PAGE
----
Iowa State Overcomes Deficit To Drop Kansas On Senior Day

AMES, Iowa, February 9. AFTER trailing Kansas by one point after Friday’s events, the Iowa State women’s swimming and diving team rebounded with wins in six of eight events yesterday morning to top the Jayhawks on Senior Day.

Iowa State Press Release

The Iowa State Cyclone swimming and diving team (7-3-1, 2-1 Big 12) stormed back to claim a win over conference rival Kansas (7-5, 0-2 Big 12) after starting the day with a 1-point deficit, 163.5-136.5.

Including first places finishes in the 1-meter and 50 freestyle events last night, the Cyclones touched the wall first in six-consecutive events to take their largest lead of the contest, 126.5-99.5, with four events left on the schedule.

“We had the opportunity to win the first four events of this morning’s session, and we took advantage of that opportunity,” Iowa State head swimming coach Duane Sorenson said. “All of the races were contested, but we got our hands to the wall first.”

Sorenson, now in his 17th season at the helm of the program, said that this year’s team is one of the most competitive in Iowa State history.

The top breaststroker in the Iowa State record books, Imelda Wistey, had a veteran performance on senior day by taking first in the 200 breaststroke with a time of 2:20.69 and a third place finish in the 200 IM with a time of 2:09.82.

“It’s such an emotional day, and (Wistey) just kept her composure and kept her stroke together,” Sorenson said of his senior leader. “She finished off like the true champion that she is.”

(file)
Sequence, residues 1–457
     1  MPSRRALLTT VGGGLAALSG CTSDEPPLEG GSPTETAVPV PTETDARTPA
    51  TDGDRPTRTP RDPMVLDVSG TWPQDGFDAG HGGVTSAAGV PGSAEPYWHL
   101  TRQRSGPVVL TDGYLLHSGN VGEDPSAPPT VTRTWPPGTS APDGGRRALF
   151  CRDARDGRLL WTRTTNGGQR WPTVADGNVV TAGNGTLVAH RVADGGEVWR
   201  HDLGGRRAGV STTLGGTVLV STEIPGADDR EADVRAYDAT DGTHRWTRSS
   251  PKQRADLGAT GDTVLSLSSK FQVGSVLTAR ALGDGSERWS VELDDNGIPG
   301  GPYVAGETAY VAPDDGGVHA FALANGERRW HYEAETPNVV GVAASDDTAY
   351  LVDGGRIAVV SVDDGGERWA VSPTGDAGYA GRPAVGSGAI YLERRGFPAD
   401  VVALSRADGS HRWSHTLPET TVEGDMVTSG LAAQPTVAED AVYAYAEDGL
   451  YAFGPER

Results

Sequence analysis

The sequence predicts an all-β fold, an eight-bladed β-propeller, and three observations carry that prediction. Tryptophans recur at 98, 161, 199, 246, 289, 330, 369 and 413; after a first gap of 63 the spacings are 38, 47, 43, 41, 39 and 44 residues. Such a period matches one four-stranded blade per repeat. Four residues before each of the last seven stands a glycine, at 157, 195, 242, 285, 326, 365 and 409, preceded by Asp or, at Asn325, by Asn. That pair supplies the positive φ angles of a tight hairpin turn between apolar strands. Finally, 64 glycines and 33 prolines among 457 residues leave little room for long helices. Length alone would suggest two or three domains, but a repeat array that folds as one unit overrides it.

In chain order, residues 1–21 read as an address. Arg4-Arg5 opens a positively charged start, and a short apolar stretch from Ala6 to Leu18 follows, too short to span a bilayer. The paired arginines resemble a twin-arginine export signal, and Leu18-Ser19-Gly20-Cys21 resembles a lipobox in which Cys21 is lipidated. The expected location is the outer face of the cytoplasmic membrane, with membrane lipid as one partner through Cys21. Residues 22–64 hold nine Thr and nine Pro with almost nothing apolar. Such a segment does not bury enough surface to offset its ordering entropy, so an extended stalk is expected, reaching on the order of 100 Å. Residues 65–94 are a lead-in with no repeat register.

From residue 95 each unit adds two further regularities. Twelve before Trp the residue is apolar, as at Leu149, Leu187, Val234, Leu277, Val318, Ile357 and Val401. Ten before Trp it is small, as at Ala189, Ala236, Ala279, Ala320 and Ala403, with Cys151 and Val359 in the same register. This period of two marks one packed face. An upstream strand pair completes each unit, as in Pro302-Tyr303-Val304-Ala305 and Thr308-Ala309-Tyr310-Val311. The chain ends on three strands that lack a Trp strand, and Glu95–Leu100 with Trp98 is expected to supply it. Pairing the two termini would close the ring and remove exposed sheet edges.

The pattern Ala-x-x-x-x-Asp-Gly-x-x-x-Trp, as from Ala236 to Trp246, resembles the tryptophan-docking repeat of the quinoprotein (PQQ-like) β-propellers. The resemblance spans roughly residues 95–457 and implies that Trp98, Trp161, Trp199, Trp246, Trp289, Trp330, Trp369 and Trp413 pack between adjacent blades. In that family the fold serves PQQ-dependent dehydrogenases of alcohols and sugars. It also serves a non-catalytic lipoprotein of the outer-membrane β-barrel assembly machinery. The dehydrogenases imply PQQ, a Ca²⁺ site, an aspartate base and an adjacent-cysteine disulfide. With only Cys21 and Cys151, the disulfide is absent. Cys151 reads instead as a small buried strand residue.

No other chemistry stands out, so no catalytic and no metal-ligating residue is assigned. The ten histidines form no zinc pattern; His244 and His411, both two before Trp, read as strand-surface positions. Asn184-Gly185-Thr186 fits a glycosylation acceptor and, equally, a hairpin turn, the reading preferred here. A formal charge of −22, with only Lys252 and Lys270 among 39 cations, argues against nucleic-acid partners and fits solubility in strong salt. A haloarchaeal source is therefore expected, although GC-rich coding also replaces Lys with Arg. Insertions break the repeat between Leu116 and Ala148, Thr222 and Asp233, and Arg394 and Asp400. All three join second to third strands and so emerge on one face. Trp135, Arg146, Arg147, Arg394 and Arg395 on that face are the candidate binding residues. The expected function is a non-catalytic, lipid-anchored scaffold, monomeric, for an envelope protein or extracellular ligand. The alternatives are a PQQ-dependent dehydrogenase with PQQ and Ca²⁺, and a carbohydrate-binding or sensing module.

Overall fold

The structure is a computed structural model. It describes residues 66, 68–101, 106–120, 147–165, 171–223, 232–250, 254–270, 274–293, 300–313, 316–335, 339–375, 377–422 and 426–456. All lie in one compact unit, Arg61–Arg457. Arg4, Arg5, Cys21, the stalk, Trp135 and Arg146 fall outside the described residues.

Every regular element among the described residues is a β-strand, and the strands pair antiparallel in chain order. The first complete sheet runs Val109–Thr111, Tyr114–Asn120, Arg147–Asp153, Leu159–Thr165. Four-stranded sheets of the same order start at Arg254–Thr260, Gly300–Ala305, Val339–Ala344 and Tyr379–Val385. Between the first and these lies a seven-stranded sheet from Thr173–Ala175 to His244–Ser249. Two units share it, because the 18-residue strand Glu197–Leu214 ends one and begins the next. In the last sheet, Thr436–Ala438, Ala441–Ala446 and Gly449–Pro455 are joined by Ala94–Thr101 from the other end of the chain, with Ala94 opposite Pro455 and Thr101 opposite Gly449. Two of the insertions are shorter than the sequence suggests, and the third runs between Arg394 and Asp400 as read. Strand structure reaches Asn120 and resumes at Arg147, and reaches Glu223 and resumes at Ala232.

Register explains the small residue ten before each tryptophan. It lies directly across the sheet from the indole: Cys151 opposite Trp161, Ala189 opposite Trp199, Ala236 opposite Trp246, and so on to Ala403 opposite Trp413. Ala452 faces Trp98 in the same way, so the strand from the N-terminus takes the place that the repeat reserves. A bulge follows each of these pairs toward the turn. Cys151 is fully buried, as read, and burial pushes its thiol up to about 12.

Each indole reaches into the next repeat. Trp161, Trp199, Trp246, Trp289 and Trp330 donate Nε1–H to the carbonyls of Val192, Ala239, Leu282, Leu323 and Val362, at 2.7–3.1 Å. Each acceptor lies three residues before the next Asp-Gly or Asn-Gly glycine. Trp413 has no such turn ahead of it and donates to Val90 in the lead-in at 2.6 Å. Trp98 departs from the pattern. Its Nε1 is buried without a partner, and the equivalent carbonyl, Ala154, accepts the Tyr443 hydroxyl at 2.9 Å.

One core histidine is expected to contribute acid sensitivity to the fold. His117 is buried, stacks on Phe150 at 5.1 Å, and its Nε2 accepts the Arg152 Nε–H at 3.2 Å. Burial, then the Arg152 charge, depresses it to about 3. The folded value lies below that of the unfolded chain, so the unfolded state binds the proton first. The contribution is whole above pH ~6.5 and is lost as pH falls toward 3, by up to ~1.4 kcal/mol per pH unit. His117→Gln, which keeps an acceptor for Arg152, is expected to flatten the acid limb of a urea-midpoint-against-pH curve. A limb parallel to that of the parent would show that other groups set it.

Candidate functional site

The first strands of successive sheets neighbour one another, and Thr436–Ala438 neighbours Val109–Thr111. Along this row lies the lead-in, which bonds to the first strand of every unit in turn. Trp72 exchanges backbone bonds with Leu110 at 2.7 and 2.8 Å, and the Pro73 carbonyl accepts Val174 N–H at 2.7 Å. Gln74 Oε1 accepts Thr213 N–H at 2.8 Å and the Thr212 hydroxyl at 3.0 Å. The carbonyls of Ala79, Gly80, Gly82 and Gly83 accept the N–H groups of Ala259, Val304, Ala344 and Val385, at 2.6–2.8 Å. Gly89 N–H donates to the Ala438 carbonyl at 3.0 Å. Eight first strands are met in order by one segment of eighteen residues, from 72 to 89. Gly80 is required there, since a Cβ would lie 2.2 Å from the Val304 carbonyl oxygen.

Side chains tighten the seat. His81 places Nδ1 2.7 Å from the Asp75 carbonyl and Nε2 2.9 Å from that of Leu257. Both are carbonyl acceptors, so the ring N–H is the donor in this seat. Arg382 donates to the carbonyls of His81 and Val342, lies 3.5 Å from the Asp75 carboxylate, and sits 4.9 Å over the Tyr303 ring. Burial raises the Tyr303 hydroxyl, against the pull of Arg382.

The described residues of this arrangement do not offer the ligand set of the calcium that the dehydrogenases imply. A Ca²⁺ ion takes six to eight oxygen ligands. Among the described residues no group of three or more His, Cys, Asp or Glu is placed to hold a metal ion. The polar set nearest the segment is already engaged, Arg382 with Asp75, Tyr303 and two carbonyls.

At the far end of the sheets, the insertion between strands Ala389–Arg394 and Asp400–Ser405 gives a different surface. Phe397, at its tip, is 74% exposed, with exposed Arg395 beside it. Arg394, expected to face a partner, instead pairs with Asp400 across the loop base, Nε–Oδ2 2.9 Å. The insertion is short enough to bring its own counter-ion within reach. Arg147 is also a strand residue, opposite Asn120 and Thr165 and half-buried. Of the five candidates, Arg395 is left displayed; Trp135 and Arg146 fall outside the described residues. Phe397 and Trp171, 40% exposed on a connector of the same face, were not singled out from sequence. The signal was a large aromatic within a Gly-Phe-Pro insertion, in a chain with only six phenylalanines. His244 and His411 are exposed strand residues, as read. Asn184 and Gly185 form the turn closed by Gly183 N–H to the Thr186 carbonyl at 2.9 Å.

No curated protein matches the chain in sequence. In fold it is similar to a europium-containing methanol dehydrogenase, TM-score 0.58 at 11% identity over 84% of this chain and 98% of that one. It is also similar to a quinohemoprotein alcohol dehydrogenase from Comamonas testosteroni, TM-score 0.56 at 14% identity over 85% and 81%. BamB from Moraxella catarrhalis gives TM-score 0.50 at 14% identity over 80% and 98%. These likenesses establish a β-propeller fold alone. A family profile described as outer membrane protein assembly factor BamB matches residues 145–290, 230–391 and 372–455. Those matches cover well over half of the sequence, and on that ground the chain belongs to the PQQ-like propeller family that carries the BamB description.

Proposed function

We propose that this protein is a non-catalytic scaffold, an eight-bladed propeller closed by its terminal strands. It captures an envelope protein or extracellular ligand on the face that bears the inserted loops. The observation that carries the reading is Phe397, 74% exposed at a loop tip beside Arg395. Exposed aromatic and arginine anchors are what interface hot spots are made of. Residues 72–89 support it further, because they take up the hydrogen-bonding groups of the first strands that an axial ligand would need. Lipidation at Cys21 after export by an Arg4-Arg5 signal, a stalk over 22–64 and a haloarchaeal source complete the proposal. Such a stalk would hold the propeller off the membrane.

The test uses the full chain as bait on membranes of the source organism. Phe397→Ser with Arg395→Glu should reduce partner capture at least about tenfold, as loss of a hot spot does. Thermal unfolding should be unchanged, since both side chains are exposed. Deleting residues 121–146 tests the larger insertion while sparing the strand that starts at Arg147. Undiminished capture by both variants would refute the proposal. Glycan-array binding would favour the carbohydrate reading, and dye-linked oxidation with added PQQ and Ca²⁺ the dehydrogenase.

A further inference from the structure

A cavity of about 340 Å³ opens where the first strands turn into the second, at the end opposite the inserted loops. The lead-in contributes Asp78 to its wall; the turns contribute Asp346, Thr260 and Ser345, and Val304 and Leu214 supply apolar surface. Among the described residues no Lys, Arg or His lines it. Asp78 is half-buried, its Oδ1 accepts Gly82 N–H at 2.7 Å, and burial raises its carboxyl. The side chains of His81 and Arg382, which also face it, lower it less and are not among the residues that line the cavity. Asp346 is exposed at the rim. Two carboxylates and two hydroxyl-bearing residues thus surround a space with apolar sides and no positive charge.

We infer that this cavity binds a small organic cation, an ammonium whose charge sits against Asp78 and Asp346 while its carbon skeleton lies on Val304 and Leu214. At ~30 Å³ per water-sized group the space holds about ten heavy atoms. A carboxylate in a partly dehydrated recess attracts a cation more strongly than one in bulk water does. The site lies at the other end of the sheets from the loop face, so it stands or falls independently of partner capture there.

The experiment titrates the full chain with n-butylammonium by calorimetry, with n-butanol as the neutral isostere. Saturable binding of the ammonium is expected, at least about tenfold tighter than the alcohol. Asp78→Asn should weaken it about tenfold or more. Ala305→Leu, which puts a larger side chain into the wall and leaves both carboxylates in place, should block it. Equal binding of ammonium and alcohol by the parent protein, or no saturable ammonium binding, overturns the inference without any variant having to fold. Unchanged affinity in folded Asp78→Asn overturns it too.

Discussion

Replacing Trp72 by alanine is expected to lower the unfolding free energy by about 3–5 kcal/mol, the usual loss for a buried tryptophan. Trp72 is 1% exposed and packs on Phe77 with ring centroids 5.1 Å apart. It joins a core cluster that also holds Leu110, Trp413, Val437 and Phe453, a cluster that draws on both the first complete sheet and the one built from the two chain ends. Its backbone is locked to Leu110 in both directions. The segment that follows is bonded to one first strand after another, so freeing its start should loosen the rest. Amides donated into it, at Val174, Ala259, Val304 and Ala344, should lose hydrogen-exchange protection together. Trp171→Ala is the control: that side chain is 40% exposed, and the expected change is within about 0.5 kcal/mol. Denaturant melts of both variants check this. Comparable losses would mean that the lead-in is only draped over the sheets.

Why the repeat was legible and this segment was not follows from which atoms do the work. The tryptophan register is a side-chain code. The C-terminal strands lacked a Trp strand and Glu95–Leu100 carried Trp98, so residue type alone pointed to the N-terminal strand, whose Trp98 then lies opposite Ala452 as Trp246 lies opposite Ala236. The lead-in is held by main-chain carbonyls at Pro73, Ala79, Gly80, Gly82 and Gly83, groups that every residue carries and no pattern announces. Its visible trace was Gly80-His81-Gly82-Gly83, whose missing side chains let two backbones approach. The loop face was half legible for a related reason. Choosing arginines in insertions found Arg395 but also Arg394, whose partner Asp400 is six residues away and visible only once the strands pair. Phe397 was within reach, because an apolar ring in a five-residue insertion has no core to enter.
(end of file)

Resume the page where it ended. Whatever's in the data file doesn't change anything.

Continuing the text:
In the diving well, Iowa State sophomore Elyse Brouillette took first in the 3-meter event in convincing fashion, outscoring second-place finisher Alysa Golden of Kansas by 40.87 with a score of 312.22. Brouillette came off a scratched performance on day one.

“I came into today trying to erase yesterday from my mind,” Brouillette said. “I’ve just got to come in, have fun, and do what I do.”

Junior Amanda Paulson and freshman Brooke Evensen got things started for the Cyclones with a one-three finish in the 100 freestyle with times of 0:51.46 and 0:52.88, respectively.

Canada native Karyl Clarete outpaced the field in the 500 freestyle with a time of 4:56.95 to claim the largest lead of the contest for Iowa State, 126.5-99.5. The Cyclones finished today’s session with a first-place finish in the 400 freestyle relay behind Evensen, Paulson, Savanna Townsend, and Clarete who touched in a time of 2:28.90.

Seven Iowa State seniors competed in their final competition at Beyer Hall. Wistey, who claimed her 68th career first place finish today, was among them.

“I feel so blessed. I don’t think words can describe how grateful I am for this team,” Wistey said. “I wouldn’t have been able to do the things that I have done if it weren’t for this team.”

Kansas Press Release

The Kansas swimming and diving team fell to Iowa State, 161.5-138.5, in its final regular-season meet before Big 12 Championships.

Even with several close races, the Jayhawks could not close in on the Cyclones Saturday morning in Ames, Iowa. Kansas, 7-5 in dual meets this season, had a strong morning according to head coach Clark Campbell, but was unable to stop Iowa State from winning all but two events.